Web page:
ROCHESTER, N.Y. – Researchers poured over hundreds of closed medical claims over the span of six years and found the majority of lawsuits stem from diagnostic-related issues. According to the study, 57 percent of claims accused doctors of delivering a delayed diagnosis, a wrong diagnosis, or failing to diagnose a patient with a health issue.
“There’s an increasing strain on emergency rooms nationwide,” said Brian Goldstein, a Rochester medical malpractice attorney at Cellino & Barnes. “It’s not rare for emergency departments to be staffed with non-emergency medicine physicians and that can often lead to more mistakes.”
The study, conducted by The Doctors Company, analyzed 332 legal claims and found “underlying vulnerabilities” that contributed to patient injuries.
At the top of the list, 52 percent of the cases analyzed had patient assessment issues. These problems included a failure to address abnormalities and in many cases, a patient was discharged too quickly.
Other studies, like the one mentioned here, found similar assessment issues were often linked to a lack of safe practice standards and protocols at some hospitals. However, emergency rooms with quality initiatives geared toward patient safety were much less likely to be accused of medical malpractice.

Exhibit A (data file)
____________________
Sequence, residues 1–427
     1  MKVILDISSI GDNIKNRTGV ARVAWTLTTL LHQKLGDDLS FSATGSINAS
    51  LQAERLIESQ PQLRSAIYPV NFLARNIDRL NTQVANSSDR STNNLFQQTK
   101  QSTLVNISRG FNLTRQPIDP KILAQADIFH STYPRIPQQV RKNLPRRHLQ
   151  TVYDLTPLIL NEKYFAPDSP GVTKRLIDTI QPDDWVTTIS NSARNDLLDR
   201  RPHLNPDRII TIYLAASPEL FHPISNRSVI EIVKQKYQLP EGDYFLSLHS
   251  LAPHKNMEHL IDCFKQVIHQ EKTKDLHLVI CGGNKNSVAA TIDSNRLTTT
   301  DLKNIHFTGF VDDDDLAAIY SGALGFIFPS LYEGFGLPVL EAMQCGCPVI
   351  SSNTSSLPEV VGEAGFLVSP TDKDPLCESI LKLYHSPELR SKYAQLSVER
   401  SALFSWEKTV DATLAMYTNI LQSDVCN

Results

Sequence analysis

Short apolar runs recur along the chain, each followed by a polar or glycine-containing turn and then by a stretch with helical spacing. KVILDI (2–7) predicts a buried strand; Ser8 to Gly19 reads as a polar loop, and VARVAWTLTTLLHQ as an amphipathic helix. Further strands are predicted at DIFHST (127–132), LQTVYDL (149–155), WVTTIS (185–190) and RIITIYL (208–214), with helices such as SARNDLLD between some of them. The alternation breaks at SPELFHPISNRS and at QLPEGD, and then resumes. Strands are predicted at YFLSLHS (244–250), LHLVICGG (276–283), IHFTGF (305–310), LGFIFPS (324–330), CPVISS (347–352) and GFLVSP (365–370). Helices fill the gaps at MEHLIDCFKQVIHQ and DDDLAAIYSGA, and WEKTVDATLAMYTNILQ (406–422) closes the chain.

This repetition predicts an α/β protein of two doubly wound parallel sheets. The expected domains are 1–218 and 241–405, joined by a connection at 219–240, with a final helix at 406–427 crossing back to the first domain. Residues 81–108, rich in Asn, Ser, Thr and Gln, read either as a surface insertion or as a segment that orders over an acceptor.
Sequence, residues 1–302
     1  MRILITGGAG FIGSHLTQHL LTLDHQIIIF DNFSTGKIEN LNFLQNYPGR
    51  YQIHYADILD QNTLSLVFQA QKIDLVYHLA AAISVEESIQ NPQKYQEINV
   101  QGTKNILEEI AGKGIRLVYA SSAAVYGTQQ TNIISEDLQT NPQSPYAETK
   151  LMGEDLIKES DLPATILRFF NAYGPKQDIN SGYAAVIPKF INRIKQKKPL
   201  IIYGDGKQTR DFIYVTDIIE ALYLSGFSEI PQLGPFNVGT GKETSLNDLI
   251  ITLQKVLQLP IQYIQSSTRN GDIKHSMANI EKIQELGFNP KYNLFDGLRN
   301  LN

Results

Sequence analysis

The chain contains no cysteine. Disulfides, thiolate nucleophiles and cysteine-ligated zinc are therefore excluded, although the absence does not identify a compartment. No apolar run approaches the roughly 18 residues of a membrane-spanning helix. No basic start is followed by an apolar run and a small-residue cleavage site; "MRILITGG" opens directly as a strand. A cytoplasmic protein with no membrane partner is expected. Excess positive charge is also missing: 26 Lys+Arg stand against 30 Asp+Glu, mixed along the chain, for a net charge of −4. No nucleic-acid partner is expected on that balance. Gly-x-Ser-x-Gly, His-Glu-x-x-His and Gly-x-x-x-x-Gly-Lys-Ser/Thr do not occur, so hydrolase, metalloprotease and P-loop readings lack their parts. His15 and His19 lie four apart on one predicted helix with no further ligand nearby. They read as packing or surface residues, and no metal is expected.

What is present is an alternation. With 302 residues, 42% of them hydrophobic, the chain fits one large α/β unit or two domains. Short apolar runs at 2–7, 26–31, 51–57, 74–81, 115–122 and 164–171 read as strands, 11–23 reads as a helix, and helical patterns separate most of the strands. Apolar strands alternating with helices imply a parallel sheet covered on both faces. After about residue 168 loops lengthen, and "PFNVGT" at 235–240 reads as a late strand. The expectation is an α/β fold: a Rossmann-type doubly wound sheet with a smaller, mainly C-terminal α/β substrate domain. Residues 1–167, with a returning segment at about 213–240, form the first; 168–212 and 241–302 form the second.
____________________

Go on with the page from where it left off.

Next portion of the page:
“Unfortunately, we routinely see malpractice cases stemming from poor emergency room management,” Goldstein said. “Hospitals with low scores tend to have more problems while hospitals with high scores have set guidelines that focus, to a greater extent, on patient safety rather than the hospital’s financial bottom line.”
The 2015 research conducted by The Doctors Company also indicated that in at least 21 percent of patient injuries, it was not necessarily the doctor’s fault. The study found patients would sometimes skip follow-up appointments and use medication in ways it wasn’t prescribed.
“Today’s health system can be tricky,” Goldstein said. “Often, patients in an emergency situation have no choice but to trust the emergency room physician but the reality is that mistakes are happening every day.”
In 2012, researchers found that missed, delayed or incorrect diagnoses affected 10 to 20 percent of all cases. The 2015 closed claims study may suggest the numbers could be higher.
The Doctors Company research aims to reduce the number of diagnostic errors in emergency rooms.